Most Cochrane Reviews look at the effects of interventions on health, but a growing number provide evidence on how to diagnose a disease. In June 2019, one of these, on a test used to detect tuberculosis, was updated. The lead author, David Horne from the University of Washington in Seattle in the USA, sets the scene and tells us what the review found.
Monaz: Hello, I'm Monaz Mehta, editor in the Cochrane Editorial and Methods department. Most Cochrane Reviews look at the effects of interventions on health, but a growing number provide evidence on how to diagnose a disease. In June 2019, one of these, on a test used to detect tuberculosis, was updated. The lead author, David Horne from the University of Washington in Seattle in the USA, sets the scene and tells us what the review found.
David: Tuberculosis, or TB, causes more deaths than any other infectious disease: 1.6 million people died from it in 2017. Most of these deaths could have been averted with earlier detection. The early diagnosis of TB is also important to prevent disease progression and long-term consequences, alleviate symptoms, and to protect public health by interrupting its transmission.
An important aspect of the global TB epidemic is the threat from drug-resistant TB. Unlike most other infectious diseases, TB treatment requires multiple drugs given for at least 6 months to prevent the emergence of drug-resistance and cure TB. But, some patients’ TB is resistant to the most potent drugs in a standard treatment regimen, rifampicin and isoniazid. Treatment of this multi-drug resistant or MDR-TB takes longer and requires drugs that are much more expensive and toxic than standard therapy. Every year, over half a million people develop MDR-TB or rifampicin-resistant TB; but, in 2017, only one in four of these started appropriate treatment and just over one-half of those were cured.
Culturing TB in the laboratory is the best test for diagnosing TB and is the first step in detecting drug resistance. Unfortunately, though, this complex and slow procedure is not widely available in many resource-constrained settings.
As an alternative, in 2010, the World Health Organisation recommended GeneXpert MTB/RIF as a rapid test that can simultaneously detect both TB and rifampicin resistance in sputum and other specimens. It’s designed to be used outside of reference laboratories in settings nearer to patients, such as hospitals and clinics in low-resource settings. The test has been a giant leap forward and called a “game changer” but it struggles if the patient has something called smear-negative pulmonary TB, when their sample contains too few TB bacteria. To try to overcome this limitation, the manufacturer introduced a new version called Xpert MTB/RIF Ultra.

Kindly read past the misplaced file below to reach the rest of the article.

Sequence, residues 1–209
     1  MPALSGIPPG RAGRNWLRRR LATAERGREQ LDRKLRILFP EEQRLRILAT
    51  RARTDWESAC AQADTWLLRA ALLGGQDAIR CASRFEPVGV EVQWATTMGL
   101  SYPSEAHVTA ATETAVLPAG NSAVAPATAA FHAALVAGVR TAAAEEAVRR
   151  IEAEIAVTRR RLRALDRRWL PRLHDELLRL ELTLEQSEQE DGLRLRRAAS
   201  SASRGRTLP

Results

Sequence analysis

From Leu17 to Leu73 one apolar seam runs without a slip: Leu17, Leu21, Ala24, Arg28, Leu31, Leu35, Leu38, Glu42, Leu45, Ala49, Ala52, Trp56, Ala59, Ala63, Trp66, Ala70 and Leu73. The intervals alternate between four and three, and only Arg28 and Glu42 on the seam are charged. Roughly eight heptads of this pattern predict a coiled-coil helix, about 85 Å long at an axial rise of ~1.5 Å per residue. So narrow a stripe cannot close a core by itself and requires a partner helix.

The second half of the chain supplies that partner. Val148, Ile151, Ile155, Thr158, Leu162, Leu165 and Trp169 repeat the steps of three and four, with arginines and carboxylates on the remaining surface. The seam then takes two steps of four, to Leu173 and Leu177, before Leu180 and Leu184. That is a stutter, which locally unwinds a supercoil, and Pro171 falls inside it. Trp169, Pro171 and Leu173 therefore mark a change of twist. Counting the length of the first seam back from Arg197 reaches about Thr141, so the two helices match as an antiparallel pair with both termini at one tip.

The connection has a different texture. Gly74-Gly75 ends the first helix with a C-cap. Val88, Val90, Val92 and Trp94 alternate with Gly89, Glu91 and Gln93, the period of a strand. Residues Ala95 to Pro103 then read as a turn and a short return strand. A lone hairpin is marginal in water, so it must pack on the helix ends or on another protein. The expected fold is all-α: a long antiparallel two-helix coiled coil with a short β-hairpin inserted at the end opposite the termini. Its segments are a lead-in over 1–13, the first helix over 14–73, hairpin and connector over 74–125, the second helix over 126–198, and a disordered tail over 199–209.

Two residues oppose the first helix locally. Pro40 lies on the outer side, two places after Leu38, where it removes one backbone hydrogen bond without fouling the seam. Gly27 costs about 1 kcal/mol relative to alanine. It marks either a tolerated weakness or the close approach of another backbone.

We performed our first systematic review of GeneXpert in 2014 and this update allows us to bring in the more recent studies of both GeneXpert and Xpert Ultra for detecting TB in the lungs and for detecting rifampicin resistance in adults. We now have 95 studies, with 68 that were not previously available for our 2014 review, and data from more than 37,000 people.
Looking first at the detection of TB, we found that GeneXpert’s sensitivity was 85% and its specificity was 98%. This means that it correctly identifies TB in 85 of every hundred people with it, but suggests that TB is present in two in every hundred people without it. The sensitivity of GeneXpert was significantly lower for people with smear-negative pulmonary TB at 67%, compared to 98% in those with smear-positive disease. Similarly, sensitivity was lower in people living with HIV at 81%, compared to 88% for those who were HIV-negative.
The accuracy of GeneXpert was high for the detection of rifampicin resistance: sensitivity was 96% and specificity was 98%.
There is much less evidence for Xpert Ultra. We could include just one study, which compared Xpert Ultra to GeneXpert in over 1400 participants. It found that Xpert Ultra was more sensitive than Gene Xpert, 88% versus 83%, but its specificity was slightly lower, 96% versus 98%.
In summary, GeneXpert is sensitive and specific for the detection of both TB and rifampicin resistance. For TB detection, it has higher sensitivity in people who are smear-positive or HIV-negative. Based on a single study, Xpert Ultra had higher sensitivity and lower specificity for TB detection, but was similar for detecting rifampicin resistance. Therefore, we can conclude that both GeneXpert and Xpert Ultra provide accurate results and can allow rapid initiation of treatment for MDR-TB. However, there is still a need for additional studies of Xpert Ultra in diverse patient populations, including those with a prior history of TB.
Monaz: If you would like to read more about the use of these tests and to watch for future updates of the review if those studies are done, you can find the full review at Cochrane Library dot com. Just go to the website and search 'Xpert for TB in adults'.